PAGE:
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Profiles

RIFFE International Spearguns

By Glen Martin | May 11, 2021

Consumer & Lifestyle California

Company Details

Location

San Clemente, California

Founded

1979

Ownership Type

Private

Employees

30

Products

Spearguns

The speargun innovator continues to manufacture its best-in-class products in Southern California.

CEO Jill Riffe Salerno; Photos courtesy RIFFE International Spearguns

Back in the late 1960s, Jesse Taylor "Jay" Riffe was a machine tool salesman in Southern California with a young family and a tight domestic budget. He was also an avid and highly skilled spear fisherman whose passion kept his family well fed through the tough times.

But Riffe wasn't happy with the spearguns of his day. They were mostly fabricated from metal and were thus noisy, scaring the fish. They were also inaccurate. So he started building his own guns in his garage in Dana Point, a small beachside community in Orange County. His bespoke spearguns incorporated wood and were elegantly designed; they were also silent, extremely powerful and accurate. Local "spearos" noticed and clamored for guns of their own.

Soon Riffe had a busy side gig making spearguns for his friends, and then for friends of friends. The demand grew relentlessly, and he began manufacturing the guns full-time in 1979. The financial pressures on his family eased -- though fish was still the entrée of choice at the dinner table.

Riffe was his own best ambassador for his namesake company, traveling internationally to promote his sport and demonstrate his products -- and ultimately establishing himself as one of the top marine hunters on the planet. He held three world spearfishing records in the 1970s: a 286-pound yellowfin tuna, a 62-pound wahoo and a 44-pound dorado. Riffe passed away in 2020, but his reputation and the company he founded endure.

Today, RIFFE International Spearguns is the foremost manufacturer of quality spearguns and marine hunting accessories in the world. Indeed, RIFFE guns -- still largely based on the prototypes that Jay Riffe developed -- are the gold standard device for taking everything from relatively small inshore fish to pelagic giants such as tuna.

"My father was a constant innovator," says Jill Riffe Salerno, Jay Riffe's daughter and the company CEO, "and we're carrying on that tradition. We sponsor a spearfishing team that functions as our global ambassadors. We give them gear and tell them to use it and abuse it, then get back to us with advice on how to improve it. So we're maintaining that ethos of innovation and the highest possible quality that was the founding principle of the company."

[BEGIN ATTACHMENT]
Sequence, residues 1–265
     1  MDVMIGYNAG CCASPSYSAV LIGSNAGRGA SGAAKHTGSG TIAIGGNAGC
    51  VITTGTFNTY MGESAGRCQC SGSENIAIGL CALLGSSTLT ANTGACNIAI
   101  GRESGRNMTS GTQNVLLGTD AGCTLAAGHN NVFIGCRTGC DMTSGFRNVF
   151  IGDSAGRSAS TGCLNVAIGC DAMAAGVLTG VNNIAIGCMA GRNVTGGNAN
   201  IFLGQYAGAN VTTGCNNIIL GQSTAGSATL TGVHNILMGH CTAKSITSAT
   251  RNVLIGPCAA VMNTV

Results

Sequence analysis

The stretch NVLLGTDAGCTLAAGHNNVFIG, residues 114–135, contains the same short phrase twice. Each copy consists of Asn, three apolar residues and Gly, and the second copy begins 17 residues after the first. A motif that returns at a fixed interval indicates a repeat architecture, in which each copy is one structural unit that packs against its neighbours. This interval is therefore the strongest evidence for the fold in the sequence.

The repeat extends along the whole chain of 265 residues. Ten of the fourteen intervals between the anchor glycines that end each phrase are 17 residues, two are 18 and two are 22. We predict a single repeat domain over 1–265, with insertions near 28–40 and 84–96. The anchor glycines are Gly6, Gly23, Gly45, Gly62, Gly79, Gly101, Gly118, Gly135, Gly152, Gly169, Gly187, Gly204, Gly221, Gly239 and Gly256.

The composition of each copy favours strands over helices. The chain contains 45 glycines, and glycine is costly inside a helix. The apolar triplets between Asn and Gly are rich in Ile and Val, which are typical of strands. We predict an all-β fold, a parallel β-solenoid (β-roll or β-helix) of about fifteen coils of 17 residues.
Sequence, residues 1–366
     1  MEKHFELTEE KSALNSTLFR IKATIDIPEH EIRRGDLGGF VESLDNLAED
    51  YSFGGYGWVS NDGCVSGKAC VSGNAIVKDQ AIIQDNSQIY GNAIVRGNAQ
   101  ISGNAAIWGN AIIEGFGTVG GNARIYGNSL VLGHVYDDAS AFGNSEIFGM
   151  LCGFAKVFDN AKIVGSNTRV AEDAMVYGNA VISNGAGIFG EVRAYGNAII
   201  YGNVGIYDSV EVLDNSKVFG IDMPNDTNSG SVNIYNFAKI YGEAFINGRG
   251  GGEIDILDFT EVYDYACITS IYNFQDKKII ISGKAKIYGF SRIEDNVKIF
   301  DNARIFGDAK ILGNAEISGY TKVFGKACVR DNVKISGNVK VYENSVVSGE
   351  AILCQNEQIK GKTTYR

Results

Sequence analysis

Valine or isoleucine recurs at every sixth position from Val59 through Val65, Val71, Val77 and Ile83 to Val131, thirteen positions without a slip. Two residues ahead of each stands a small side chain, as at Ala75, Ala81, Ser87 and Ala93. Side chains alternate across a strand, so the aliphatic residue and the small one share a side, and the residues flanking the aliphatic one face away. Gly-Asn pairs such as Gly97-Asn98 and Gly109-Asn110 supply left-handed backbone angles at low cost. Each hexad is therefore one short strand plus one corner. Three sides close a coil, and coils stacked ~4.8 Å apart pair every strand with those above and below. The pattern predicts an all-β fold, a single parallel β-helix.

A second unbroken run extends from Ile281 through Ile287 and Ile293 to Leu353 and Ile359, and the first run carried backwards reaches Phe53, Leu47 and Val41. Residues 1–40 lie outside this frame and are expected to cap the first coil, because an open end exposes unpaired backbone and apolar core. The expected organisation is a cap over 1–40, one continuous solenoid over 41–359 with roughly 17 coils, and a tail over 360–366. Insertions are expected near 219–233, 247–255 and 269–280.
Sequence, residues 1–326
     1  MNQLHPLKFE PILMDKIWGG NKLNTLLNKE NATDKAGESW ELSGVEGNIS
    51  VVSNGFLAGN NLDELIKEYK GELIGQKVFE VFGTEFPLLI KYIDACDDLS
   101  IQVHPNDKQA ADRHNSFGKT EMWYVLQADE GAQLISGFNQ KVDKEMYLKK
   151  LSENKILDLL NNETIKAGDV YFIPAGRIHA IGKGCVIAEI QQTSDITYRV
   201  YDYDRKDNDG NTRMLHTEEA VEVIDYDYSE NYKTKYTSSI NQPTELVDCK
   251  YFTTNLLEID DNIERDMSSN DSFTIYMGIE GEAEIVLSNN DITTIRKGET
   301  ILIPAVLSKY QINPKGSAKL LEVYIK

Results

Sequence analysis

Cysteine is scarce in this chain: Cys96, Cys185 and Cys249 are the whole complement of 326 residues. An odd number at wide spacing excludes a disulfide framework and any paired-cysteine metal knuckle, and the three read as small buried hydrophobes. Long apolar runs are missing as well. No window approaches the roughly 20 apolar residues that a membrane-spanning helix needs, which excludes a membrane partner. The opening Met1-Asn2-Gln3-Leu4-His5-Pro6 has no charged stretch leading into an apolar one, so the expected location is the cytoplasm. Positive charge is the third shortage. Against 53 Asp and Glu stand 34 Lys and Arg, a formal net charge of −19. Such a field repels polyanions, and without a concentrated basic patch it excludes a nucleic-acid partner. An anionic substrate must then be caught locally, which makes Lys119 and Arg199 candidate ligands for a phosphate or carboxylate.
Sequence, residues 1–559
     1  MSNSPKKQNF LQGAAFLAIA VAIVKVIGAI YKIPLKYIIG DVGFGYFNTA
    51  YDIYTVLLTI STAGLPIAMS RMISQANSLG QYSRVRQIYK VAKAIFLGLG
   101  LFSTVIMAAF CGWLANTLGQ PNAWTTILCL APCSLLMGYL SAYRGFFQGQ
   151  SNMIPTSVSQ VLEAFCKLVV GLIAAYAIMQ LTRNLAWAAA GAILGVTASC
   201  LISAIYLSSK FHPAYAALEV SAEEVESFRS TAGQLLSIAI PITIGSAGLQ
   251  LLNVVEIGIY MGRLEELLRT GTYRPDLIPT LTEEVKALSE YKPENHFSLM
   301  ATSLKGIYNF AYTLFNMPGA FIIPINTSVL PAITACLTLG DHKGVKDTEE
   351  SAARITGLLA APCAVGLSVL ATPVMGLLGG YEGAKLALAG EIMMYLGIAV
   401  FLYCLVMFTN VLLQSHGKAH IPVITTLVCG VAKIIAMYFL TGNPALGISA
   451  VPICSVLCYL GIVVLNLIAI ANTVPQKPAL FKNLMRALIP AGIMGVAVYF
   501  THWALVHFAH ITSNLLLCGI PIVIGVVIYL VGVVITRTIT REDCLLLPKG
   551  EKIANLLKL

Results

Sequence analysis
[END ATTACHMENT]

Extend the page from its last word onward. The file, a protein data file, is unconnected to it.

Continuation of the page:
Further, RIFFE doesn't outsource. The company makes all the components it uses in its guns -- from float lines to spear tips -- in its San Clemente complex. "We have 12,000 square feet of factory space with routers, lathes, mills -- everything we need to make whatever we need," says Jill. "That ensures our standards are sustained through all our products."

Jill and her sister Julie -- an expert marine hunter in her own right, and a member of the company's spearfishing team -- assiduously uphold another tradition their father established: environmental responsibility.

"He was a very early champion of fisheries conservation," Jill says. "He always emphasized 'fish for the future' -- taking only a few fish so there'd always be fish for our children and their children. I come from a marketing background, and I recognized the power of his words, and we continue to use them today. We promote selective hunting, and freediving over the use of tanks."

So what's next? In general terms, the company will stick to the knitting: manufacturing the silent, accurate spearguns that made RIFFE's reputation. Of course, innovation and conservation remain at the point of the spear, so to speak.

"We're very excited about a new bluewater gun we're introducing," says Jill. "It's a really powerful speargun designed for big, pelagic fish. It's accurate to 30 feet, and it has a breakaway system with the spear attached to the float, greatly minimizing the possibility of losing the fish. Again, that's in keeping with my father's concern for conserving the resource -- selective hunting, making every shot count, and utilizing every fish taken."

Challenges: "When the pandemic hit, the supply lines for essential materials tightened in some areas," says Jill. "It was touch and go a few times, so now purchasing is a priority. We're planning farther ahead to ensure we'll always have what we'll need."

Opportunities: "We really want to grow our global distribution, and we're in a good position to do that," says Jill. "We have a new generation of divers coming up, and we're making good progress in educating them -- not just about our products, but about sustainable hunting and safety. New divers have to understand that this is a thrilling sport, but it can also be a dangerous one."

Needs: "We're always looking for new people, but finding them isn't always easy," says Jill. "We have to train virtually everyone we hire, and we need people who are motivated and committed to producing quality products."


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